A mainstay of the December night sky, the Geminids meteor shower first appeared in the mid-1800s, and it’s grown more impressive in the ensuing years. It now features up to 120 meteorites an hour given clear skies.
A new study may have found that the shower originated in some type of catastrophic collision. This differentiates it from most showers, which come from icy comets that pass close to the sun, that then melts and releases particles.
Read More: The Asteroids We Should Watch Out For
An Asteroid or a Comet?
The study concludes that instead of a comet, the Geminids material came from a small asteroid, 3200 Phaethon, which is only about 4 miles in diameter. Named after the driver of the Greek god Helios’ chariot, 3200 Phaethon passes close to the sun on its way around an uneven orbit. The material follows a similar orbit, although it stays just to the outside of the asteroid’s path.
Other researchers have suggested that it’s actually a dead comet that has lost all its ice, but the new team from Princeton argues that data from the Parker Solar Probe contradicts this. Parker launched in 2018 and now flies in an orbit around the sun, following a course that also allows it to gather data on dust clouds in the inner solar system.
The new study devised three models to test the origins of the Geminids meteor shower, using the Parker data. The first gave the broken-off material zero velocity relative to the asteroid. The second assumed that it had ejected at a velocity of up to one kilometer per hour, creating a different cloud.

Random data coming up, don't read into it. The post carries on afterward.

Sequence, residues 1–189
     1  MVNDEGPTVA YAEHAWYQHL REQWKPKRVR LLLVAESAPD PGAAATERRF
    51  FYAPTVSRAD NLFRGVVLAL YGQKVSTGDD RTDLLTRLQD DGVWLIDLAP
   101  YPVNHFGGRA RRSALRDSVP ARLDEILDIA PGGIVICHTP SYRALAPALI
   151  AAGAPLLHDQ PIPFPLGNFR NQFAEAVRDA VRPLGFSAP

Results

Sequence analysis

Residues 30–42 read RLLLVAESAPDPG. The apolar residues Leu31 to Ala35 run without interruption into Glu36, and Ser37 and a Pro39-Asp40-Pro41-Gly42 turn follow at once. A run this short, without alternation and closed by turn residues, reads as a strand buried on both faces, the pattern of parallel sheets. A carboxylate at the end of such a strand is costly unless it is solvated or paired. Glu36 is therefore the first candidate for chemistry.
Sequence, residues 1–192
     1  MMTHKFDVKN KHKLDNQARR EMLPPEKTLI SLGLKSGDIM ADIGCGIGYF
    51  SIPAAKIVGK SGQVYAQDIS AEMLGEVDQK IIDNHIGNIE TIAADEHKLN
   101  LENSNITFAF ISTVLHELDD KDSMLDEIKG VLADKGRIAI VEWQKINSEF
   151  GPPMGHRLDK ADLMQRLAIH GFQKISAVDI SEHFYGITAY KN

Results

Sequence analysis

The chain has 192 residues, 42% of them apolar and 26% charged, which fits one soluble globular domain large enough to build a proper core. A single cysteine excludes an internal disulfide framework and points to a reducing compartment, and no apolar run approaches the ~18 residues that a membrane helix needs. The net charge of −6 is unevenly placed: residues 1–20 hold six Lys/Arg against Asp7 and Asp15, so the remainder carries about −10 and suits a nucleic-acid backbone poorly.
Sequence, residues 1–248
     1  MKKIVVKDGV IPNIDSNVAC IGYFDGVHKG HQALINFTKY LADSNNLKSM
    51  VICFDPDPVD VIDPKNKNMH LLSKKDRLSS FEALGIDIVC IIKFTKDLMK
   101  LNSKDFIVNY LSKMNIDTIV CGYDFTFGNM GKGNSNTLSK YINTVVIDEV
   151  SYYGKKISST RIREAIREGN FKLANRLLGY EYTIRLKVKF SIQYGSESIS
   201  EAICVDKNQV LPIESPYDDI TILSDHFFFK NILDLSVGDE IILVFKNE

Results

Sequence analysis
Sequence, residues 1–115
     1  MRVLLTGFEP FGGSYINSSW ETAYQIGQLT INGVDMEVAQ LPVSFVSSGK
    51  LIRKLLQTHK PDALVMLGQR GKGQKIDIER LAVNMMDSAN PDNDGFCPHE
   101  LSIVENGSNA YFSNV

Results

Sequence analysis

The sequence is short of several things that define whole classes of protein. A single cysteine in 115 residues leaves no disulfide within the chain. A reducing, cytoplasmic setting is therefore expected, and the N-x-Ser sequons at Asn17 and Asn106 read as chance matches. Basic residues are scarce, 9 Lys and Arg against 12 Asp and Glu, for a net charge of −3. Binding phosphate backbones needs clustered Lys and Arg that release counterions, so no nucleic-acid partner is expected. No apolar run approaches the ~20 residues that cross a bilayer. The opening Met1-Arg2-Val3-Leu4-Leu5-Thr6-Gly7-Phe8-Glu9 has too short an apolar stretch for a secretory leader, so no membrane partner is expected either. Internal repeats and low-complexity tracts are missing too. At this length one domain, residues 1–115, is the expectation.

The last model simulated that 3200 Phaethon was a comet, but the resulting orbit matched the Parker data the least. The second, most violent model matched the best and indicated a high-speed collision with another body, or potentially a gaseous explosion.
The Continuing Mystery of the Geminids
“Most meteoroid streams are formed via a cometary mechanism,” says Wolf Cukier, an undergraduate at Princeton and lead author on the paper, in a press release. “It’s unusual that this one seems to be from an asteroid.”
Parker also found, however, that some of the asteroid’s material does come from heat, as if it were a comet.
“What’s really weird is that we know that 3200 Phaethon is an asteroid, but as it flies by the Sun, it seems to have some kind of temperature-driven activity,” says Szalay. “Most asteroids don’t do that.”
The showers happen yearly when Earth’s orbit intersects with that of 3200 Phaethon’s material.